[ *327] *Proof of the offence having been committed in the nighttime.] The prosecutor must prove that both the breaking and entering took place in the night time, but it is not necessary that both should have taken place on the same night. It is said by Lord Hale, that if thieves break a hole in the house one night, to the intent to enter another night, and commit a felony, through the hole they so made the night before, this seems to be burglary; for the breaking and entering were both noctanter, though not the same night, and it shall be supposed they broke and entered the night they entered, for the breaking makes not the burglary till the entry. Hale, P. C. 551. This point was decided in the following case: During the night of Friday, the side-door of the prosecutor's house, which opened into a public passage, had all the glass taken out by the prisoner, with intent to enter, and on the Sunday night the prisoner entered through the hole thus made. On a case reserved, the judges were of opinion that the offence amounted to burglary, the breaking and entering being both by night. And although a day elapsed between the breaking and entering, yet the breaking was originally with intent to enter. John Smith's case, Russ. and Ry. 417 (b). See also Jordan's case, ante, p. 308.

With regard to what shall be esteemed night, it is said by Lord Hale to have been anciently held that, after sunset, though daylight be not quite gone, or before sun-rising, is noctanter, to make a burglary (Dalt. c. 99; Cromp. 32, b.); but he adds, that the better opinion has been, that if the sun be set, yet if the countenance of a party can be reasonably discerned by the light of the sun, or crepusculum, it is not night. 1 Hale, P. C. 550; 3 Inst. 63. This rule, however, does not apply to moonlight, otherwise many burglaries might pass unpunished. 1 Hale, 551; 4 Bl. Com.

224.

Now it is enacted by the 7 Wm. 4 and 1 Vict. c. 86, s. 4, " that so far as the same is essential to the crime of burglary, the night shall be considered, and is hereby declared to commence at nine of the clock in the evening of each day, and to conclude at six of the clock in the morning of the succeeding day."

(a) Eng. Com. L. Rep. xxv. 460. (b) 1 Eng. C, C. 417.

"If the breaking of the house," says Lord Hale, "were done in the day-time, and the entering in the night, or the breaking in the night and the entering in the day, that will not be burglary; for both make the of fence, and both must be noctanter." 1 Hale, P. C. 551; citing Cromp. 33, a. ex. 8 Ed. 2. Upon this, the annotator of Lord Hale observes, that "the case cited does not fully prove the point it is brought for, the resolution being only, that if thieves enter in the night at a hole in the wall which was there before, it is no burglary; but it does not appear who made the hole." 1 Hale, P. C. 551, (n.) It is observed by Mr. Serjeant Russell, that it is elsewhere given as a reason by Lord Hale, why the breaking and entering, if both in the night, need not be both in the same night, that it shall be supposed that the thieves broke and entered in the night when they entered; for that the breaking makes not the burglary till the entry; and the learned writer adds, that "this reasoning, if applied to a breaking in the day-time and an entering *in the night, would [328] seem to refer the whole transaction to the entry, and make such breaking and entering a burglary." 2 Russell, 32, and see 2 East, P. C. 509. It would seem, however, to be carrying the presumption much farther than in the case put by Lord Hale; and it may well be doubted, whether, in such a case, the offence would be held to amount to burglary.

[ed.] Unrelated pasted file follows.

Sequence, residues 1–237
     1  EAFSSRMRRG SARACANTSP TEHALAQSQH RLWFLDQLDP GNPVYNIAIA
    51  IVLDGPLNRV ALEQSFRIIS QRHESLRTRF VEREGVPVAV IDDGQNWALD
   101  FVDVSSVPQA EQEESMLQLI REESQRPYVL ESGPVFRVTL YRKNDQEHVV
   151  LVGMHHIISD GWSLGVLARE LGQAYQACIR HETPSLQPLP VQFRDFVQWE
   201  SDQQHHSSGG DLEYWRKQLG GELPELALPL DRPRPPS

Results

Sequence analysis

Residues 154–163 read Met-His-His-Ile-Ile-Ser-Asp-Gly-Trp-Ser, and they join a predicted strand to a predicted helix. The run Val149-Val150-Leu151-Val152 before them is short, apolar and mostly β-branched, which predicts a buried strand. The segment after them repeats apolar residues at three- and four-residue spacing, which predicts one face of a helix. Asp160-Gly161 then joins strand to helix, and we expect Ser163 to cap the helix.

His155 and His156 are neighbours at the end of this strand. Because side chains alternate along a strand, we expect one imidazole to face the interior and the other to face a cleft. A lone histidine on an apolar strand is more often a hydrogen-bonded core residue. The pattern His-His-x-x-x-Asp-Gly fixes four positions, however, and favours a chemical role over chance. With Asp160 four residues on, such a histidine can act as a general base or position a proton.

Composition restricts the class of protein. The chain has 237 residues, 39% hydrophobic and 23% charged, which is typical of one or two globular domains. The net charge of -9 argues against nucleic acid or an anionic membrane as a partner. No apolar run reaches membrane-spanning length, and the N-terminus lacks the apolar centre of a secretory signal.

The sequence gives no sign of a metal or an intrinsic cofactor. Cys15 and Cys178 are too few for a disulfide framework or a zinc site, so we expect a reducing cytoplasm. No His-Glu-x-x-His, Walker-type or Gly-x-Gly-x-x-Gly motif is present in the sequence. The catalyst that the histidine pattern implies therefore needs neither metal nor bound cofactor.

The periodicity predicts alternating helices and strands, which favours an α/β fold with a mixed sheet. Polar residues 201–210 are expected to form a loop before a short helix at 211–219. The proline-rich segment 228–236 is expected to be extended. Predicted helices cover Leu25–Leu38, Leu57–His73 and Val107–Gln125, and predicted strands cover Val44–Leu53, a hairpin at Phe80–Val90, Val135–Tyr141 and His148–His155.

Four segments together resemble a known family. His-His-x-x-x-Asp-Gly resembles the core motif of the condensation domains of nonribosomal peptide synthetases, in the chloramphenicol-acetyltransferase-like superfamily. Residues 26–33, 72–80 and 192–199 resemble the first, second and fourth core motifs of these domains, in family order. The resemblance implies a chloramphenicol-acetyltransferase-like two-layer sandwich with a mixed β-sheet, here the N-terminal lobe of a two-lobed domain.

Proof of intent-to commit felony-felony at common law, or by statute.] The prosecutor must prove that the dwelling-house was broken and entered with intent to commit a felony therein. Evidence that a felony was actually committed, is evidence that the house was broken and entered with intent to commit that offence. 1 Hale, P. C. 560; 2 East, P. C. 514.

It was at one time doubted, whether it was not essential that the felony intended to be committed should be a felony at common law. 1 Hale, P. C. 562; Crompton, 32; Dalt. c. 151, s. 5. But it appears to be now settled, according to the modern authorities, that it makes no difference whether the offence intended be felony at common law, or by statute; and the reason given is, that whenever a statute makes an offence felony, it incidentally gives it all the properties of a felony at common law. Hawk. P. C. b. 1, c. 38, s. 38; Gray's case, Str. 481; 4 Bl. Com. 228; 2 East, P. C. 511; 2 Russ. 35.